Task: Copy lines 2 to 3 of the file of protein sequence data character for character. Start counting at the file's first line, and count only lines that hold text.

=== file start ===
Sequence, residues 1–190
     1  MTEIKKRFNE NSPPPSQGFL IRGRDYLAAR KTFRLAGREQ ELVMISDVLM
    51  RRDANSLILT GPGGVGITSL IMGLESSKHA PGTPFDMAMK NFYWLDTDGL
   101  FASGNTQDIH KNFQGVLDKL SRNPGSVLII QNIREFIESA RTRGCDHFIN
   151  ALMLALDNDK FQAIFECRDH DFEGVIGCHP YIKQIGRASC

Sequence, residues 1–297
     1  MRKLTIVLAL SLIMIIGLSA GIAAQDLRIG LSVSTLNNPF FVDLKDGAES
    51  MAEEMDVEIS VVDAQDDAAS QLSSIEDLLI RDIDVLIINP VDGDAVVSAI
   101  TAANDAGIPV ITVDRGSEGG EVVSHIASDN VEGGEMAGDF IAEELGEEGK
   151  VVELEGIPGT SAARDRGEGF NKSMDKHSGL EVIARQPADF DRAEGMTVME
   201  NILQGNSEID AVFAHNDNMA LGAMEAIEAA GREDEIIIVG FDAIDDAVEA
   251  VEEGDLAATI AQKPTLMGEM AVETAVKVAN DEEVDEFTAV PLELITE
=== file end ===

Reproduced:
     1  MTEIKKRFNE NSPPPSQGFL IRGRDYLAAR KTFRLAGREQ ELVMISDVLM
    51  RRDANSLILT GPGGVGITSL IMGLESSKHA PGTPFDMAMK NFYWLDTDGL